Wednesday, August 29, 2007

Going gold at 65

Bob Lefsetz suggests that Paul McCartney should have given away his recent album, Memory Almost Full, because it's only going to sell about 550,000 copies in the U.S. There could be some good arguments to support that view, but Lefsetz constructs a bizarre case for giving songs away. He says McCartney fans found the price of the album too high and that "everybody" would listen to it if it was free. The knowledge that "all [his] fans" would be listening would have motivated McCartney to put out a great record.

Okay, even if it was free, there's no reason to think people would be tripping over themselves to download the new album. Neil Young gave away all of Living With War. What percentage of people who consider themselves to be Neil Young fans downloaded those songs? (And Living With War turned out to be a pretty good album.) Memory Almost Full is available from eMusic for $3.50-$4.30, depending on your subscription level. That's less than $1 in 1973 dollars -- to use a frame of reference that most McCartney fans can identify with. You could buy the album for about what it cost to buy "My Love" as a single. Whatever McCartney's challenges are in selling his album, cost seems to be a minuscule factor.

And McCartney was perfectly capable of phoning it in even back in the days when "everybody" was listening. Remember Red Rose Speedway? Wild Life? Memory Almost Full was stronger than many of McCartney's albums from his commercial peak (post-Beatles), so -- for once -- we can't accuse him of being unmotivated.

And 550,000 units in the U.S. alone sounds pretty good for a 65-year-old pop musician. That probably translates to over a million albums sold, worldwide. The numbers for "Dance Tonight" -- the lead track on the album -- are very impressive, leading all other McCartney or Wings songs in number of listeners over the last six months.

Sunday, August 26, 2007

Maybe it really is Web 2.0

Apparently, it was more than 14 months since I posted anything on my blog. Between writing a bunch of proposals, position papers, and funding pitches last year, as well as having the Waterloo Tech Digest and my column in Rex Magazine, the last thing I wanted to do in my spare time was write anything. Okay, not really the last thing, but it never came close to the top of the list (although I did seem to find time for a few thousand Wikipedia edits before moving on).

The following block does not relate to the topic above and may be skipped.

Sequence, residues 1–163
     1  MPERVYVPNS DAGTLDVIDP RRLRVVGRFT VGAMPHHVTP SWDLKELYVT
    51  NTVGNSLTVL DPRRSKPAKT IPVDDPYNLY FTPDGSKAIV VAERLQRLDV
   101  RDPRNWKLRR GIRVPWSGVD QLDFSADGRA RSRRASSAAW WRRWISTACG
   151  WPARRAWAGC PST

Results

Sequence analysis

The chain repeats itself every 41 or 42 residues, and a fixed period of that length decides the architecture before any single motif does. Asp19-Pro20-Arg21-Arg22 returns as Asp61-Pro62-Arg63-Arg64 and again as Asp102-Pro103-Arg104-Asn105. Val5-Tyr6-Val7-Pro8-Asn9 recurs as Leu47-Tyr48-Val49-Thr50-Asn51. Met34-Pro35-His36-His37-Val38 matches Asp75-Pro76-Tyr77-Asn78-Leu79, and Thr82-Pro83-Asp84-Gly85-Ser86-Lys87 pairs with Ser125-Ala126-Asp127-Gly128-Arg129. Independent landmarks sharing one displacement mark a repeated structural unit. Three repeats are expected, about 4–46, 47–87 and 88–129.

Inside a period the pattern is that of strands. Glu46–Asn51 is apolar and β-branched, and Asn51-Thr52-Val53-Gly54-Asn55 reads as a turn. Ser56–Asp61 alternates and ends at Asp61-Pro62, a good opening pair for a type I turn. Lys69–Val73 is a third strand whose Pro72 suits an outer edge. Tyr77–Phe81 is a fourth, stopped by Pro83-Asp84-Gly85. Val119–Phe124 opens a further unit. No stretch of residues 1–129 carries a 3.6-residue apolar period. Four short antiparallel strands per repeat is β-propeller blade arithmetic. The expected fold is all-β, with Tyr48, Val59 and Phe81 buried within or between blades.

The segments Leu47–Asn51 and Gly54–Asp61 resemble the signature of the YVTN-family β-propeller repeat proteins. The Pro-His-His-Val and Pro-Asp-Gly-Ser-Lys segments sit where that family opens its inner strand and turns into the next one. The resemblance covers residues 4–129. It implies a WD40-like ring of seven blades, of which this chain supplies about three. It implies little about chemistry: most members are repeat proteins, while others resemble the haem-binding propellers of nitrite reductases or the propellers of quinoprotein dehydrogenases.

I didn't even read any blogs in that time, at least not any personal ones. I kept track of updates to a few websites through their RSS feeds, but that was about it. I can see that RSS has come a long way over the last year. Not the technology, but its use. When I posted through my blog a backlog of 10 Waterloo Tech Digest issues from the past year, the traffic to my website jumped nearly 500% that day. Two days later, it was still up about 300%. The extra traffic was all generated because the content of the Tech Digest issues had been distributed and discovered through various RSS-based tools (and, in some cases, shared through sites designed for that purpose). For people who worry that using RSS feeds will cannibalize your web traffic, my experience so far has been just the opposite. After seeing those numbers, "Web 2.0" feels like much less of a silly cliché than it did a year ago.

A lot of cool tools have sprung up that I'll have to look into. And some of the ones that were a big deal 14 months ago are museum pieces now. Does anyone still use Technorati? One of the big names 14 months ago, it looks like a search engine for spam these days.

Now comes the challenge of making use of these tools in my website, and in the site that I also oversee. Simon Woodside has been working to integrate Web 2.0 technology into the WatStart site -- look for a relaunch early in the fall -- and I've started getting back up to speed after a 14-month hiatus. (I never even thoroughly rewrote my site for CSS, let alone RSS. It still has some HTML code going back to 1996!) Should be fun, and make for some much better sites.

Can Windsor use a non-snub to energize a focus on innovation?

OMG, did you hear? There's a new $100 million "Innovation SuperCorridor" initiative from the province introduced in the budget...